Products no image

Published on June 22nd, 2010 | by shefali

13

Smarten Up: Reduce Your “Phantom” Power Use

standby power

Did you know your TV uses electricity, even when turned off? So does your iHome, coffee maker, microwave oven, hair-dryer, clock radio, and other electronics. Yes, even chargers for cell phones and laptops suck energy when plugged in—even if they are not charging anything! Surprised?

Well I certainly was when I learned this and ever since then have made a conscious effort to unplug any appliance I’m not using (ie fans, chargers, lamps, and even microwaves). But who really has time to go around unplugging everything in their home or office when they’re not using them? Turns out there is a cheap, quick, and easy solution.

The Smart Strip power strip features advanced circuitry that not only offers excellent power surge protection and line noise filtering, but is actually able to ‘sense’ the flow of electrical current through the strip’s control outlet. Because of this unique ability, the Smart Strip can turn off selected equipment when it’s not in use, creating benefits that no other power strip on the market today can offer.

Most importantly, the smart strip prevents a “phantom load.” Honestly, I had no idea what this term meant. It sounded scary and I was more than happy to invest in a Smart Strip at that point if it prevented the “phantom load.” Turns out, a “phantom load” is actually any appliance or electronic gadget that uses energy even when turned off. Sometimes they are referred to as “vampire appliances” or “energy vampires.” If your home or office is typical, you live with at least 20 vampires (if you’re a Twilight fan, this may excite you more than it should). That adds about $200 to your annual energy bill, according to Cornell University.

The “off” button doesn’t really mean off anymore—it means “standby.” Your TV with remote control likely uses more energy during the majority of hours a day that it’s turned off and in a “standby power” state than it does during the hours you’re actually watching. According to Cornell, we are using the equivalent of seven electrical generating plants just to supply these vampires that are supposedly turned “off.”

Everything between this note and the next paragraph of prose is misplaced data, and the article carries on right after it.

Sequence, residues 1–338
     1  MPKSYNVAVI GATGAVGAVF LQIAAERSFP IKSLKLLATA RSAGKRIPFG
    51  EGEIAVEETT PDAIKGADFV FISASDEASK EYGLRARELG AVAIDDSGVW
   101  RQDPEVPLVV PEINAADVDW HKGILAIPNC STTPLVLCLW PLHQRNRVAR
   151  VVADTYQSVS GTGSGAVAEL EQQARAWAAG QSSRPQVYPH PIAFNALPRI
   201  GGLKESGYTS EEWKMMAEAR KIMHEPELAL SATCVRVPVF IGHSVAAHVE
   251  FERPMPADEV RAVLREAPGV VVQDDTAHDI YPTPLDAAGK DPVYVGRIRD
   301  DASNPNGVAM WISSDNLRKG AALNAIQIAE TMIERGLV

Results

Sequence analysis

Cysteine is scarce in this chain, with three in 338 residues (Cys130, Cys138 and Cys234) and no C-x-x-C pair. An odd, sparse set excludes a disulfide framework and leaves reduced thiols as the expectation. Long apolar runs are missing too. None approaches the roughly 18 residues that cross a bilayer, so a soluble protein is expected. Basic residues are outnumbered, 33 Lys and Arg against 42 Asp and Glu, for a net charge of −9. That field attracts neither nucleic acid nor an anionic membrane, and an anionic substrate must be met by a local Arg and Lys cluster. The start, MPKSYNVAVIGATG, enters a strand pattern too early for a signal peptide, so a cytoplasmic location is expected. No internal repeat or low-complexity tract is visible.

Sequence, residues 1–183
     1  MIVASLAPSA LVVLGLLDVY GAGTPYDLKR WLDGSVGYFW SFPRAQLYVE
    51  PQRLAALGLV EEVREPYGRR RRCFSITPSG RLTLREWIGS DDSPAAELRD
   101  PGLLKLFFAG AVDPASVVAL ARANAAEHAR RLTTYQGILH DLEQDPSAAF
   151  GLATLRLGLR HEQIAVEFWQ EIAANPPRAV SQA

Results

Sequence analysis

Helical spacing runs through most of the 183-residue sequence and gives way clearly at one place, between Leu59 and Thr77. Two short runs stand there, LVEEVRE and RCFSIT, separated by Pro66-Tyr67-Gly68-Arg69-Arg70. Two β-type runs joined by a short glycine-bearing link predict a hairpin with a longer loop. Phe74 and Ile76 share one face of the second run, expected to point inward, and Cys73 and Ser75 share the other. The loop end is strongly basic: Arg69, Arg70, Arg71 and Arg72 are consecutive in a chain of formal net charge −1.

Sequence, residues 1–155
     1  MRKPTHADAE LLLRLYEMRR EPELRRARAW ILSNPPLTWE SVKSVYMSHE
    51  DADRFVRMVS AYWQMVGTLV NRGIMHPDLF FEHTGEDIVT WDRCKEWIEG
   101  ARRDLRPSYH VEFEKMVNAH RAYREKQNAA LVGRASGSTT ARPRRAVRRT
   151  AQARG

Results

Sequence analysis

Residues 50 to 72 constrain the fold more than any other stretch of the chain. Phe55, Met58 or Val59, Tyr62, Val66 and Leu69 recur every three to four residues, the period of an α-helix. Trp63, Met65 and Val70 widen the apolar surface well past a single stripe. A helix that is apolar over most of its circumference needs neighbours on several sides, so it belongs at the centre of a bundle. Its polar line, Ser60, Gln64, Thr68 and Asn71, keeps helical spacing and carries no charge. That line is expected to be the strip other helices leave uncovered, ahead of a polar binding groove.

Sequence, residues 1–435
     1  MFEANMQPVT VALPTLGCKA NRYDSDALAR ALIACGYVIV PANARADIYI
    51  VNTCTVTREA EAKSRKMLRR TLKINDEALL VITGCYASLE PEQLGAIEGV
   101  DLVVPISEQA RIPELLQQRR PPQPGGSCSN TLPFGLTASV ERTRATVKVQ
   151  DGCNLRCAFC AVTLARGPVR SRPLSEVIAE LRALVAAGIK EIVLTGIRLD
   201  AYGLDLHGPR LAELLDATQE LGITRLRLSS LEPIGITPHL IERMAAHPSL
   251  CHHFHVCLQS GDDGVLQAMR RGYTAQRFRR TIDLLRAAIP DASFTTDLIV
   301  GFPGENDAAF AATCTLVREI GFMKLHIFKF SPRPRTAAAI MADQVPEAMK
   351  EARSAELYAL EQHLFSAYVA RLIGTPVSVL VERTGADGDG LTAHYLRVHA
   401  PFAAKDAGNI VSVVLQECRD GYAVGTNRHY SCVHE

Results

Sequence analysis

Here are some of the most common energy suckers:

  • Appliances with remote controls (ie TVs, VCRs, audio equipment).
  • Appliances with a continuous display (ie clocks on microwaves and ovens).
  • Appliances with rechargeable batteries (ie cordless phones or digital cameras).
  • Appliances with external power supplies (ie printers and iPod chargers).

Again, how can the smart strip help? Use a smart strip for all of your major electronics—it senses the current draw of the main device that your accessories are serving. When the TV or PC is turned on, the smart strip energizes the outlets that power DVD players, printers, and scanners. A smart strip will save you from having to turn all of the peripheral devices off. All you have to do is turn on the main device and all of its “followers” will come on as well.

Check it out below—looks exactly like any other power strip! (except this one is smarter)

A smart power strip

A smart power strip

Learn more energy saving tips here.